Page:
ETFs vs. Stocks: Differences


Passive, or index, ETFs generally track and aim to outperform a benchmark index. They provide access to many companies or investments in one trade, whereas individual stocks provide exposure to a single firm. As such, ETFs remove single-stock risk, or the risk inherent in being exposed to just one company.

The diversification of index funds across many securities can dilute the potential negative impact of poor performance of any one security.

Research and Management

ETFs are professionally managed funds backed by a team of experts working to meet the goals outlined in the fund’s prospectus. Fund managers are tasked with researching, buying, and selling individual holdings in return for a fee.

Expense Ratio

ETFs have an expense ratio, which includes management fees and the fund’s total annual operating expenses.

Capital Gains Distributions

Turnover in an ETF’s holdings — due, for example, to changes in an ETF’s underlying index — could trigger the sale of securities. This may trigger transaction costs and capital gains distributions. In this scenario, any realized gains or losses are passed on to ETF shareholders. To ensure tax efficiency, ETF managers attempt to limit these types of transactions as much as possible. ETFs’ tax-efficient in-kind redemption process used to meet shareholder redemptions limits capital gains distributions.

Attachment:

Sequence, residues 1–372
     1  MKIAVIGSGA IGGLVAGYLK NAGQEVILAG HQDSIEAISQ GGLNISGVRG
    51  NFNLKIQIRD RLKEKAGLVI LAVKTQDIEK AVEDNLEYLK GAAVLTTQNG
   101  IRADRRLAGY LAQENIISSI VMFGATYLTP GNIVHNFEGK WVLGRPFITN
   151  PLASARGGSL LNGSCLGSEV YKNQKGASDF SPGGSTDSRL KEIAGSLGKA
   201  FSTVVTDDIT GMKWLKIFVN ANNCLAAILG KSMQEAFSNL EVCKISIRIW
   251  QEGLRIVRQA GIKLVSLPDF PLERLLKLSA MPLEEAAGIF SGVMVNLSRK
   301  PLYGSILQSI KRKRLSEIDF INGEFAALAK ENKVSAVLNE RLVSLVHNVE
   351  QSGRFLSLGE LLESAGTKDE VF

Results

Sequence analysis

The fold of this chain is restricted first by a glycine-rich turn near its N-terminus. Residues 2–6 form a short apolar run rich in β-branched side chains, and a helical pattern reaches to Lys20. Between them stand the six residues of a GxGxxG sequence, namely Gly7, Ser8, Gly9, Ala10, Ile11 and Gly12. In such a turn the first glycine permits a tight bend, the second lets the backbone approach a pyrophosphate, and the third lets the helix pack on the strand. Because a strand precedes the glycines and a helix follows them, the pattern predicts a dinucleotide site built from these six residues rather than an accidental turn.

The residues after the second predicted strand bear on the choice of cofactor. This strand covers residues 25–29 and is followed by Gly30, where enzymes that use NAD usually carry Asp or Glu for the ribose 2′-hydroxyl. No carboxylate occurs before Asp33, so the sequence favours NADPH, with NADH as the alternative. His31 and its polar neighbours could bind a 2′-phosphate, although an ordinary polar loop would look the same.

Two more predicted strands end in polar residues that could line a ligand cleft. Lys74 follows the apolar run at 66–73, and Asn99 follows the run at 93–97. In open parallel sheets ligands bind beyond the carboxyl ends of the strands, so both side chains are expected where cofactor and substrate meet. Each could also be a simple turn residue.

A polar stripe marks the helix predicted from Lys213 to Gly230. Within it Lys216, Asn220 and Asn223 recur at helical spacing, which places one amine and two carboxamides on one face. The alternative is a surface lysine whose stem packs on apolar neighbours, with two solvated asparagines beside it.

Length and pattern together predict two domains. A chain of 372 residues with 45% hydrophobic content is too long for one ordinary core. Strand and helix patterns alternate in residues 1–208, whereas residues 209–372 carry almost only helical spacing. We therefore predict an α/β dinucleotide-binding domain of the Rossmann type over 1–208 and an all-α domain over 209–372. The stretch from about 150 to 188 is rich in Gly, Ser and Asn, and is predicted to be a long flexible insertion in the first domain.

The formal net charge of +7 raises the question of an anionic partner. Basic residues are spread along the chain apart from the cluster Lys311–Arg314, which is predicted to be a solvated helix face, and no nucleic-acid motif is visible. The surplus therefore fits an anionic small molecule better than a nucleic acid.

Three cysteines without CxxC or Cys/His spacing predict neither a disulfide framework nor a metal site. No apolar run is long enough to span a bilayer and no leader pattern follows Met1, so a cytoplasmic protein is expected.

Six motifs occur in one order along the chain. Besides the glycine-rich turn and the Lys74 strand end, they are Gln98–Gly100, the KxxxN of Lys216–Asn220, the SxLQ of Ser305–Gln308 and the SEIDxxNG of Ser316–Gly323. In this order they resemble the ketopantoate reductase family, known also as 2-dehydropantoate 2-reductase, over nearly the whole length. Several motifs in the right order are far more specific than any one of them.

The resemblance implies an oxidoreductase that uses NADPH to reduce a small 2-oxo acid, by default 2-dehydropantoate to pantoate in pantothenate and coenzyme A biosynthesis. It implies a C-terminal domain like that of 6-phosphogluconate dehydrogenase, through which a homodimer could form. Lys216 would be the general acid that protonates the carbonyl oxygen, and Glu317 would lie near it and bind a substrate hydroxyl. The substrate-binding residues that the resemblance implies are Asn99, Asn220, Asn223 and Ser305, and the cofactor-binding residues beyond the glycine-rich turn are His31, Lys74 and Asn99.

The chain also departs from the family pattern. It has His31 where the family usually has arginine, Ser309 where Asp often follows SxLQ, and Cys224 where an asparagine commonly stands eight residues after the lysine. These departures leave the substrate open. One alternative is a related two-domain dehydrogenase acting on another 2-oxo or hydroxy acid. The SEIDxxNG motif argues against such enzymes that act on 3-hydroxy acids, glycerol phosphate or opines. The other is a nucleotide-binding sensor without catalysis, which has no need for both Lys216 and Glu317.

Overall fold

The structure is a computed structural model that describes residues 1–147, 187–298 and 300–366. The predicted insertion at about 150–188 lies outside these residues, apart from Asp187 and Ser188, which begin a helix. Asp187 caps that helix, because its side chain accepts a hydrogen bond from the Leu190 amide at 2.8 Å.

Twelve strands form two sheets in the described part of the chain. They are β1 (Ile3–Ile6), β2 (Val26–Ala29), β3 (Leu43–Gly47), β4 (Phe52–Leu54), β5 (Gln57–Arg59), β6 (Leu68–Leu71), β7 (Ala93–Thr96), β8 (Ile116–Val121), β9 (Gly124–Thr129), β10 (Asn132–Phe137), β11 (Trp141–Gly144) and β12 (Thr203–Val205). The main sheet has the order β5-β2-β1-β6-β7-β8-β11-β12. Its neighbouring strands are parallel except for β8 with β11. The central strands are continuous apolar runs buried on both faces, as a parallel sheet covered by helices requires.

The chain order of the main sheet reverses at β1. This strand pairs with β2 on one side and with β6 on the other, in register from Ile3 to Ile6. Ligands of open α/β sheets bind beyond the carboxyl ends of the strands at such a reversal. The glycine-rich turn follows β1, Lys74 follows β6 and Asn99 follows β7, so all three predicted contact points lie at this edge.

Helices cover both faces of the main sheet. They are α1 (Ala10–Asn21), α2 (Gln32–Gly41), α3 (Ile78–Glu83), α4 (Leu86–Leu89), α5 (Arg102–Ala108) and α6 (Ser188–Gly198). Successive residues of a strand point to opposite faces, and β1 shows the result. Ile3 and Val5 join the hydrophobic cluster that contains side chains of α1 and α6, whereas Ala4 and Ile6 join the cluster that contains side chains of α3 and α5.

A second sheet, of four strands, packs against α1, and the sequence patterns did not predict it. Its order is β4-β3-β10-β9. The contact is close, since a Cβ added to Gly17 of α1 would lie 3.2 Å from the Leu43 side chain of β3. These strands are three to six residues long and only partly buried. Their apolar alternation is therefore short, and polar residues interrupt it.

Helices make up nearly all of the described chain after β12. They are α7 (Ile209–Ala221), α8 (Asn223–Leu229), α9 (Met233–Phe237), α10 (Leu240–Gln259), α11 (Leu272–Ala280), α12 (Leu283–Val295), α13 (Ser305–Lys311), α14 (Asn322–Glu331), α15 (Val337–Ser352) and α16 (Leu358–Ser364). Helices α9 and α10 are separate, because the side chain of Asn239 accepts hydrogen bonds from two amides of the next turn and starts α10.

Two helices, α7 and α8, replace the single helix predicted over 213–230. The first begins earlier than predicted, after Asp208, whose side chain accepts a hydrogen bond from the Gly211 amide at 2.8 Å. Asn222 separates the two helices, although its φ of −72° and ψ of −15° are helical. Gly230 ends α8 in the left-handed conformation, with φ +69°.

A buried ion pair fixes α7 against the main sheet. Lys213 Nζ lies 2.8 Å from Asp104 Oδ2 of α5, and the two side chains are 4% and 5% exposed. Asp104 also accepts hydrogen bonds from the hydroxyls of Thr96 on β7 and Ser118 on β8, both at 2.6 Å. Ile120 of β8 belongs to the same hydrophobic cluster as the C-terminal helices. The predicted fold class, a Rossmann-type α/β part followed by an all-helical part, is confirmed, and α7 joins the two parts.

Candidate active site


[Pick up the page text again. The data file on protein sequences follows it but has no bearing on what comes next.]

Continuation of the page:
Stocks vs. ETFs: Similarities and Differences

  ETFs Individual Stocks
Transparency Fund holdings generally made available each day Investors know what they own
Range of Asset Classes Offer exposure to a variety of market segments Offer exposure to a variety of market segments
Transaction Fee or Commission Generally subject to a transaction fee Generally subject to a transaction fee
Pricing and Trading Exchange traded; investors can buy and sell shares continuously throughout the trading day at market prices Exchange traded; investors can buy and sell shares continuously throughout the trading day at market prices
Dividends Yes, where applicable Yes, where applicable
Diversification High; provide access to many companies or investments in one single trade Low; provide exposure to a single firm
Research and Management Professionally managed Investors handle research and trading on their own
Expense Ratio Yes No

Are ETFs or Stocks Right for You?

When choosing whether to add individual stocks or ETFs to a portfolio, it’s important to consider your risk tolerance and overall investment objectives. In many instances, ETFs provide a solid foundation for a diversified investing strategy, offering an easy way to gain exposure to a breadth of asset classes, sectors, and regions.

For their part, individual stocks allow investors to express specific bets on companies, but their lack of diversification may increase overall portfolio risk. Ultimately, the optimal portfolio may contain a blend of stocks, ETFs, and other investment products.